PublISHED ON 01 June 2018

UpDATED ON 23 November 2018

Applying for Horizon 2020 funding

Horizon 2020 is the EU's current framework programme for research and innovation. Around 30 billion EUR is still available to apply for under the programme until 2020. Researchers in Sweden can benefit from this funding.

Who can apply for funding?

The calls within the current framework programme, Horizon 2020, are aimed at many different types of applicant: individual researchers, higher education institutions, companies, research institutes, local government, public authorities, national research funding bodies, etc.

Of the close to 80 billion EUR provided by the framework programme, some 30 billion EUR is still available for 2018–2020.

All relevant calls can be found on the EU Commission's Participant Portalexternal link

How the framework programme is structured

There are three main focal points for the framework programme: Excellent Science, Industrial Leadership and Societal Challenges. These in turn are divided into a number of subsidiary areas.

Excellent Science

Under Excellent Science, researchers can apply for funding for groundbreaking research, for research infrastructure and for research in another country.

This focal point is divided into four subareas

  • European Research Council, ERC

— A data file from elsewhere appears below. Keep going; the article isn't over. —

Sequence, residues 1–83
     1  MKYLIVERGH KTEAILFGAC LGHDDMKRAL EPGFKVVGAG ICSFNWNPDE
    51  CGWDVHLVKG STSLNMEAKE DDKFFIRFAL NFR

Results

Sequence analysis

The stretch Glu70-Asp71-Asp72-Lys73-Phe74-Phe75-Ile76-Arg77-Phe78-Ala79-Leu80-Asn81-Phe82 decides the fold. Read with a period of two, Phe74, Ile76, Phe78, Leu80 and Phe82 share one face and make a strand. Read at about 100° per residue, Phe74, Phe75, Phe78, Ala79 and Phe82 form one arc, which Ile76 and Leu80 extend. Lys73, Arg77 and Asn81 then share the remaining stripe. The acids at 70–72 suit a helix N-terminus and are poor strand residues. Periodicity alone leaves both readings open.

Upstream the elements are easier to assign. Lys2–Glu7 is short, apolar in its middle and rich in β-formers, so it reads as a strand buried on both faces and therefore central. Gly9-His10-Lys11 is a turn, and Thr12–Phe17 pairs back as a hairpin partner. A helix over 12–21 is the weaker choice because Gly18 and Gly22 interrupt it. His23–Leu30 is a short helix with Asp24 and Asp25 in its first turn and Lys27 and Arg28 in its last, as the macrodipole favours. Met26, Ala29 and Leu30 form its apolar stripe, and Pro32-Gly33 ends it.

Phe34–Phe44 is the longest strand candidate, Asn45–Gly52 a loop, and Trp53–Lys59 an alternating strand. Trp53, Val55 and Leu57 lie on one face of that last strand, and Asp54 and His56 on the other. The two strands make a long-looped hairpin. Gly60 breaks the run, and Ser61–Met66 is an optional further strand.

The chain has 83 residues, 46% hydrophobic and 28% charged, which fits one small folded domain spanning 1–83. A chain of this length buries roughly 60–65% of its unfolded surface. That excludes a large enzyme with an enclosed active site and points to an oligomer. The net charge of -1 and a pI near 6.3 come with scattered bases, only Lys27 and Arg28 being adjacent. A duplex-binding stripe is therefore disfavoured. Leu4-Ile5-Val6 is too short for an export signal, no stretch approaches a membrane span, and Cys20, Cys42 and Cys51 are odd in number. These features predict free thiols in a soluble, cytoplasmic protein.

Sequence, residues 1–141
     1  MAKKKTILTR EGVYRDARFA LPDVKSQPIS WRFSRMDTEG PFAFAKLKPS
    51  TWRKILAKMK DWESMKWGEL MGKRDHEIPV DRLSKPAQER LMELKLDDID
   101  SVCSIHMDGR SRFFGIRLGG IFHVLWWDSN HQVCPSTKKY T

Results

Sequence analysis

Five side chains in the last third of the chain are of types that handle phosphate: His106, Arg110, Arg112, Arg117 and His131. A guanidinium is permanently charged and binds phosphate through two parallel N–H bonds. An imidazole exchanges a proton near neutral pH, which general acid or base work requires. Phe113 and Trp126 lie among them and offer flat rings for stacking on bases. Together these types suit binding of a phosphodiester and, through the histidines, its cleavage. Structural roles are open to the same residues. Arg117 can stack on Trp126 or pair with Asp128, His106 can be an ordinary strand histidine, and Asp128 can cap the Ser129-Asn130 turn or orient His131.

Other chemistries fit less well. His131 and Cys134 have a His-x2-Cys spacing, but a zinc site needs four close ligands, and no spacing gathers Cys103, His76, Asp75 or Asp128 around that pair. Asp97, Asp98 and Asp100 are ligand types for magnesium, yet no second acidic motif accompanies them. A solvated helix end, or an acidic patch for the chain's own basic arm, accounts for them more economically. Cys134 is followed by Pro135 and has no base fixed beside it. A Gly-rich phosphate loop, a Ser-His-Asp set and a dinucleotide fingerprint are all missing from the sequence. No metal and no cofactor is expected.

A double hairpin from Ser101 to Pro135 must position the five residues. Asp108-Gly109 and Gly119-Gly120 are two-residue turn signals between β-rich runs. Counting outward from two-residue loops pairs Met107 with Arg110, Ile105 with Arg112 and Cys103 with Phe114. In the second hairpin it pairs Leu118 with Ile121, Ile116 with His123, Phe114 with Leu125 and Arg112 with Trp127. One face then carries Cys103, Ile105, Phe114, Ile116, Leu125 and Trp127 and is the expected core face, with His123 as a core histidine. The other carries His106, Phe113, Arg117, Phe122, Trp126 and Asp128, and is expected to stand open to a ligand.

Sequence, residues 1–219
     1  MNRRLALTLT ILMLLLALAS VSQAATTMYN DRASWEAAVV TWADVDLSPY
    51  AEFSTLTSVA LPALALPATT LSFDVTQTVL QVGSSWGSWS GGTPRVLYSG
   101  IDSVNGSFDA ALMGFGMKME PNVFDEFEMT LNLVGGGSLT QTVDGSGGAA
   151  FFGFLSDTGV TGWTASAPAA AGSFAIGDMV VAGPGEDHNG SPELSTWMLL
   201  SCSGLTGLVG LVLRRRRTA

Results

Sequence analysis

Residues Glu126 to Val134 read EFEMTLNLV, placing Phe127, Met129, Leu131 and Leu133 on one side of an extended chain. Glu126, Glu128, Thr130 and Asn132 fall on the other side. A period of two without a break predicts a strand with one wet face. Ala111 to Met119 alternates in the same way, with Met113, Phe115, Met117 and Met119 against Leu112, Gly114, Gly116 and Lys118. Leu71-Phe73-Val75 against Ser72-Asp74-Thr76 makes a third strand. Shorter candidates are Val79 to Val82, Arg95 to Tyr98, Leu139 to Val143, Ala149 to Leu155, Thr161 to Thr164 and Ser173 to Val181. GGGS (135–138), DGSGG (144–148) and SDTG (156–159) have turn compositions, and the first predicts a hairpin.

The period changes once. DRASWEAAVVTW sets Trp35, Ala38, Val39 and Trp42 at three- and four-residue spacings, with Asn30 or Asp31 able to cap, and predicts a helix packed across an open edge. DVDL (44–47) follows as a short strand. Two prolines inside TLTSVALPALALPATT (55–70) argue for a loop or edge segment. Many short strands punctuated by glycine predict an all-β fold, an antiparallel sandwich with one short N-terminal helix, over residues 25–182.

• Marie Skłodowska Curie Actions, MSCA
  • Future and Emerging Technologies, FET
  • Research infrastructure

Have a look at the bottom of this page to find out more about the subsidiary areas and the funding that you can apply for as a researcher.

Societal Challenges

This focus area looks at the major societal challenges facing the EU and the rest of the world. Researchers in this field can apply for funding for interdisciplinary research and innovation cooperations, among other things.

The total Horizon 2020 budget is just over 77 billion EUR. Some 40 billion EUR is still available for 2018–2020.

The societal challenges identified are

  • Health, demographic changes and wellbeing
  • Food security, sustainable agriculture and forestry, marine, maritime and inland water research and the bioeconomy
  • Secure, clean and efficient energy
  • Smart, green and integrated transport
  • Climate action, environment, resource efficiency and raw materials
  • Europe in a changing world – inclusive, innovative and reflective societies
  • Secure societies – protecting freedom and security for Europe and its citizens


  1. 1,6 million SEK to Swedish-Japanese research projects within STINT

    The Swedish Research Council is contributing a total of 1.6 million SEK to three projects within STINT’s Joint Japan-Sweden Research Collaboration for the period 2019–2022.

  2. UNESCO’s recommendations for research

    UNESCO’s recommendations for science and researchers are used as a joint reference in research collaboration across national borders. They were updated in conjunction with the 70th anniversary of the Declaration of Human Rights.

  3. Increased success rate for FET Open 

    The success rates for the programme FET Open continues to go up. 2016-2017 the success rates were 7 percent, and in the current work programme the success rates are above 10 percent and expected to increase.